HarperCollins Greenwillow (CA: 24th March 2014; US: 1st April 2014)
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How the mighty have fallen. On the night before her wedding, Parastrata Ava makes a major mistake that throws the merchant spaceship crewes of Parastrata and Æther into chaos. Left to freeze to death, Ava begins freeing herself the only way she knows how – by “fixes”.
Salvage stands out in many ways from the pack. Although sci-fi, don’t go in expecting uprises against governments or battle scenes. Instead, it unfurls slowly, taking the time to explore a new location and way of life, but moving on to something else before you can get bored. Also, it’s a stand-alone novel, though in the hands of a different author it could’ve been dragged out to a trilogy and stuffed with filler. Thankfully, this 520-page tome is self-contained, and though theoretically there could be other stories set in this world worth telling, Ava’s seems done for now, and that feels right. Another rare thing in its favour is that I actually cheered for Ava’s romance with Rushil.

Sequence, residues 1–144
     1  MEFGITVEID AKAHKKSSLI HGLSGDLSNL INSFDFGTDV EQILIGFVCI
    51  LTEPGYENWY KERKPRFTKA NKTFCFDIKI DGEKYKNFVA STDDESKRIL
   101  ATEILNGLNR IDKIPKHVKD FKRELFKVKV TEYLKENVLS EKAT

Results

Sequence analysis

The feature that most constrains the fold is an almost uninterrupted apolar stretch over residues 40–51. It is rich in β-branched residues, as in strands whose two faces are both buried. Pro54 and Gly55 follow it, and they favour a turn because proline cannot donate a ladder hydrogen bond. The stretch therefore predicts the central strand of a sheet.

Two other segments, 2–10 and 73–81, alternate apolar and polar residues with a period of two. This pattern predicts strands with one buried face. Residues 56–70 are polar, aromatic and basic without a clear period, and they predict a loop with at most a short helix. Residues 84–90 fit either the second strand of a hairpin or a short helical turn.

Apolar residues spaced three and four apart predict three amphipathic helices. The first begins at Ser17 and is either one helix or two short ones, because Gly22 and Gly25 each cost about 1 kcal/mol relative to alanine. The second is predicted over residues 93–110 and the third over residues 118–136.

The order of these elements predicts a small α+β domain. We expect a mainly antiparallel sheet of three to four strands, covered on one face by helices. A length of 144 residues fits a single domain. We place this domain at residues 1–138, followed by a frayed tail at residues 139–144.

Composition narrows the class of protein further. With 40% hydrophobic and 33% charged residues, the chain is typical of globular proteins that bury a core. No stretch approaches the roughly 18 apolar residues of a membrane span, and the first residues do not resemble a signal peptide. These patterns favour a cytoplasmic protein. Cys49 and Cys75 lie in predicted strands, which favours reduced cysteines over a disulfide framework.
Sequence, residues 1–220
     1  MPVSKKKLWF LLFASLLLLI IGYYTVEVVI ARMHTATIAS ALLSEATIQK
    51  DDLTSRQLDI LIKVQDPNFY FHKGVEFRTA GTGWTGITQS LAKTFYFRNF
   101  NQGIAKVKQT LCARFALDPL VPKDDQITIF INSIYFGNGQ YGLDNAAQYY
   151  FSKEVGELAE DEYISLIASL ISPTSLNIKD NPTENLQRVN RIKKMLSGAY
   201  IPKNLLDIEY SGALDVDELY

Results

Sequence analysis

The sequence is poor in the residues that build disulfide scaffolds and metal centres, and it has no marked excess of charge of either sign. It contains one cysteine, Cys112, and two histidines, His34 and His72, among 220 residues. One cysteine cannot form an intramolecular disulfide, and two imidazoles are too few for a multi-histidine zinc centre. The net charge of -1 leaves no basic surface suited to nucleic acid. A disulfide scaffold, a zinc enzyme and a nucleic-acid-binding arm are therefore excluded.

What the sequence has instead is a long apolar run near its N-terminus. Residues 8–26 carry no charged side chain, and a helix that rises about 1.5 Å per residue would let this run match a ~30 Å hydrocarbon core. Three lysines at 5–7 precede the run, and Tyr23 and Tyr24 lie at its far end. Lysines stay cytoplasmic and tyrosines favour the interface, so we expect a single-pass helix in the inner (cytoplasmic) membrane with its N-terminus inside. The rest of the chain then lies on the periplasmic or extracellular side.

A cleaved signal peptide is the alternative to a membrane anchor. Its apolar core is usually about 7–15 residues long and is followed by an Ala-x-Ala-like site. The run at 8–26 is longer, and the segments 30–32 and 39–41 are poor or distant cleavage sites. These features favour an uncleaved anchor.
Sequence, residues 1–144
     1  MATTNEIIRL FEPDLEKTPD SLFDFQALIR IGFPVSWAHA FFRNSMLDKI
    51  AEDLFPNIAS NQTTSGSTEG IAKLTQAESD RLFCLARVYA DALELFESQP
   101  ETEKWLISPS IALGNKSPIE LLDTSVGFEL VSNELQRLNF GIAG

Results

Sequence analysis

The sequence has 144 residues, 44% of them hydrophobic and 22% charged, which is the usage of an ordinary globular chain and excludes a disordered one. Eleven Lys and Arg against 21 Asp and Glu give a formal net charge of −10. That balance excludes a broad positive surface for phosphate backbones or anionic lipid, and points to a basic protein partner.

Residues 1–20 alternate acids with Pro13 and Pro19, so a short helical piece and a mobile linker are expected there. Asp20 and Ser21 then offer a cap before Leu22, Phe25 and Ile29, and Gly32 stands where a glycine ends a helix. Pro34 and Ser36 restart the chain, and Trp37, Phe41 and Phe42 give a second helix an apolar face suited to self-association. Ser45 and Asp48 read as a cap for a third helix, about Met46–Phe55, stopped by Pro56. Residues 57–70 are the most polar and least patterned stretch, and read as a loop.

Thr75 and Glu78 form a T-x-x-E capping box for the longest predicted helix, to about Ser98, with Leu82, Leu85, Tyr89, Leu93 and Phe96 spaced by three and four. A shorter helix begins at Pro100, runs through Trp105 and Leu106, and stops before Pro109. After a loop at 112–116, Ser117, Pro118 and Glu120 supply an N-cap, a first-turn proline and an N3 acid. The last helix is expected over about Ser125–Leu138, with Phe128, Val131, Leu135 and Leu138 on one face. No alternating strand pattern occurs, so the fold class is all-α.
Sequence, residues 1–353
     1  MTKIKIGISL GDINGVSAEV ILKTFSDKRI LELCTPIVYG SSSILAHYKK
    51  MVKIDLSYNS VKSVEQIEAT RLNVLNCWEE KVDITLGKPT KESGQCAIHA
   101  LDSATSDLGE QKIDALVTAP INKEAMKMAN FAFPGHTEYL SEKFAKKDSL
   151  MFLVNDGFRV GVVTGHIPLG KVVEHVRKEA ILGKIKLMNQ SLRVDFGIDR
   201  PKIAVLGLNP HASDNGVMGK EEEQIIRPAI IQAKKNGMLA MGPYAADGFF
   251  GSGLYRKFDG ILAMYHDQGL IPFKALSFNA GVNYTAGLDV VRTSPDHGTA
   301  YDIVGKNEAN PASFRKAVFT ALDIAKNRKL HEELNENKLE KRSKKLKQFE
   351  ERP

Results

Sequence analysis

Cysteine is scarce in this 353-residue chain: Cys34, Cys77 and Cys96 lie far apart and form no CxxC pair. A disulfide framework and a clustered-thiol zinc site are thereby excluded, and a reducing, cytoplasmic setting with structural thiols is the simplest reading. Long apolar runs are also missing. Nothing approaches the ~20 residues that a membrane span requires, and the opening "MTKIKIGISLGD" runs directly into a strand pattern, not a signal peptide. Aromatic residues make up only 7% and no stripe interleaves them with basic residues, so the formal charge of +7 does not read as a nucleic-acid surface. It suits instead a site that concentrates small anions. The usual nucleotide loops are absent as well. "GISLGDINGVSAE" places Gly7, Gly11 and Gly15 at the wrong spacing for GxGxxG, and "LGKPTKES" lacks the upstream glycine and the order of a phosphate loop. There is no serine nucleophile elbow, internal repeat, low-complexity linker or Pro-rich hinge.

Alexandra Duncan depicts beautiful, dangerous settings with colour and depth. From the austere life on merchant ships, to house-boating in Haiti, to the humidity of the Salt, and to a more luxurious life in Mumbai… But as much as Ava may wish for independence, she can’t make it alone. If Perpétue, Rushil, and Soraya have taught her anything, it’s that sometimes you can rely on the kindness of strangers. Ava does seem rather too stupid to live when she has to be rescued in each new location, but by the final chapter she seems capable, and maybe even confident.
Salvage is not just a pretty cover – there’s also an extraordinary story inside.